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‘We got to look at this in a different light’: Pilot program at Methodist focuses on gunshot victims

Violence Intervention Program
Posted at 10:44 PM, Jul 27, 2022
and last updated 2022-07-28 09:32:29-04

INDIANAPOLIS — For nearly a decade, Jennifer Burchett’s worked as an ER and trauma nurse. She has seen it all at IU Health Methodist Hospital -- one of the state’s four Level One Trauma Centers.

"In addition to having a pandemic going on, I think we also have a pandemic of gun violence in our national and especially in our city,” Burchett said.

She continued, “What we haven’t anticipated, but now we’re getting used to, is that we’re going to see a gunshot victim — at least one — every day. Every single day.”

Last year, Methodist saw a drastic increase in gunshot victims. According to data from the hospital, they treated 332 gunshot wounds, up from 288 in 2020 and 204 in 2019.

This year, leaders project just as many patients will come through their doors.

“Yay we feel good that the person is going to make it, but then like I don’t want to see you in a couple of months for the same thing, and sometimes we do,” Burchett said.

Tiffany Davis is the hospital’s injury prevention coordinator.

“Historically we of course treat the medical needs, but we don’t always have the capacity to treat the mental health needs and social health needs,” Davis said.

She is leading the efforts of a new violence intervention program hoping to change that.

IU health nurse Deb Duncan is one of two grad students assisting.

“So we’re not just letting them go and kicking them out the door. I think it’s really important to keep tabs if they need it,” Duncan said.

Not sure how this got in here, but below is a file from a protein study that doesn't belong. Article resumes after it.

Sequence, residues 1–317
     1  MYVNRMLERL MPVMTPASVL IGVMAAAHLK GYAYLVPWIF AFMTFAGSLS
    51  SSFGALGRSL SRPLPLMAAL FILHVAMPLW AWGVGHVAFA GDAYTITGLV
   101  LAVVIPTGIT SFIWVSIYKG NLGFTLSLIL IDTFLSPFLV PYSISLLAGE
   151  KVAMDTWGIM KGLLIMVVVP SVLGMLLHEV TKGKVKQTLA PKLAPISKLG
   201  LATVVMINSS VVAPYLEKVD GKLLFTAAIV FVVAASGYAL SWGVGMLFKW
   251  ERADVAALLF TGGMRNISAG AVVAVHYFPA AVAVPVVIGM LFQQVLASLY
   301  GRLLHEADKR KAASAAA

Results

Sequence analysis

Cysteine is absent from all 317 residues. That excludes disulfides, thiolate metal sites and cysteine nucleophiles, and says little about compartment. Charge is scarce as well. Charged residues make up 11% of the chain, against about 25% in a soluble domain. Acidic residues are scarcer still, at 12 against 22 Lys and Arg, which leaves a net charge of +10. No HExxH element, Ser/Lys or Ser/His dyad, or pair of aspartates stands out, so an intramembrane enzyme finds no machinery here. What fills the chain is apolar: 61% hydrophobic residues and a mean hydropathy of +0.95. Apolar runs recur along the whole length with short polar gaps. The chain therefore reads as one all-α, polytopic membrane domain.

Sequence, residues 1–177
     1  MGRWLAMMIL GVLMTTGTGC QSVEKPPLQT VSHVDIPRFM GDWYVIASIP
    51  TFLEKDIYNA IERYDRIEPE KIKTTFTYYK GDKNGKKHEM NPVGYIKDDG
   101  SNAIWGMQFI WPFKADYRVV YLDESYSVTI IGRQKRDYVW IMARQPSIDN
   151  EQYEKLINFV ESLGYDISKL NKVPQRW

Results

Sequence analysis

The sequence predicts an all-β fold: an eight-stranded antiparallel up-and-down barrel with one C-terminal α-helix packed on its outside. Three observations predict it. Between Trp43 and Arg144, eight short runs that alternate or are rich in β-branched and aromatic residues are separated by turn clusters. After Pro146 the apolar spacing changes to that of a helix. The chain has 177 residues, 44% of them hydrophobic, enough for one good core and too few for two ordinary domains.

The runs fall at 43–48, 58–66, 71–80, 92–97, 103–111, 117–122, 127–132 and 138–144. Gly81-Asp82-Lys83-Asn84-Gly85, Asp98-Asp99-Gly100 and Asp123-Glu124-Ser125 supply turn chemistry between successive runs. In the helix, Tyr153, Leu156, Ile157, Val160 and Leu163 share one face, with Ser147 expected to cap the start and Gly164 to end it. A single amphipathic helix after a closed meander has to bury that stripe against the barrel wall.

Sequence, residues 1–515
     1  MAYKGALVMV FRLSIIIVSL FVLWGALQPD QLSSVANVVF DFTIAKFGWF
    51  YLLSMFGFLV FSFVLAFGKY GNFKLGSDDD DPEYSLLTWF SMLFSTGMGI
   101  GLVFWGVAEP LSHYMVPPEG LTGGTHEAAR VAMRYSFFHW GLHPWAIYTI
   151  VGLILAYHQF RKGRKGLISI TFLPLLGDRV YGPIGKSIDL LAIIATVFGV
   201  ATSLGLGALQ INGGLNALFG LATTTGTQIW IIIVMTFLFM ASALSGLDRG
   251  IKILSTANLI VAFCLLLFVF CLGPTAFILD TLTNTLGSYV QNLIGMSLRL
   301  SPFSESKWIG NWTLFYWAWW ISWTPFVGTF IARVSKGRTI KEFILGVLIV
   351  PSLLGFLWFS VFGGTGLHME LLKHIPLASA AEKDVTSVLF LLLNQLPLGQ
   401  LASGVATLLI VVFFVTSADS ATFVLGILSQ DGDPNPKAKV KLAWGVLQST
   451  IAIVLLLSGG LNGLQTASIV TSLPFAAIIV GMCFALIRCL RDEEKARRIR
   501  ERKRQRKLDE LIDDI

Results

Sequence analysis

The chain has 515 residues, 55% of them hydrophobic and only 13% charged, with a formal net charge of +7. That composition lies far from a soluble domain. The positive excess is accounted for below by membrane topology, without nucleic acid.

Through the pilot program, the team asks gunshot victims about their needs with a focus on mental health, resiliency, and social determinants of health.

“Even though it’s after the fact, meaning these individuals have already been shot, it is a teachable moment and it is the time to intervene,” Davis said.

Since starting last month, the team screened 17 patients and identified 14 at risk for developing PTSD. Out of the group screened, 15 of them were linked to outside community resources to get help with food, jobs and housing.

“We also ask them, ‘Can we call back in two weeks? Can we call back in four weeks?’ And just make sure how you’re doing,” Duncan said.

The goal is simple – become a solution to the city’s gun violence epidemic.

“I hope and pray that it does,” Burchett said.

The pilot program is expected to last until the end of the year. Before that wraps up, leaders tell WRTV they will apply for grant funding. Long-term, the plan is to expand the program to assist the families of gunshot victims.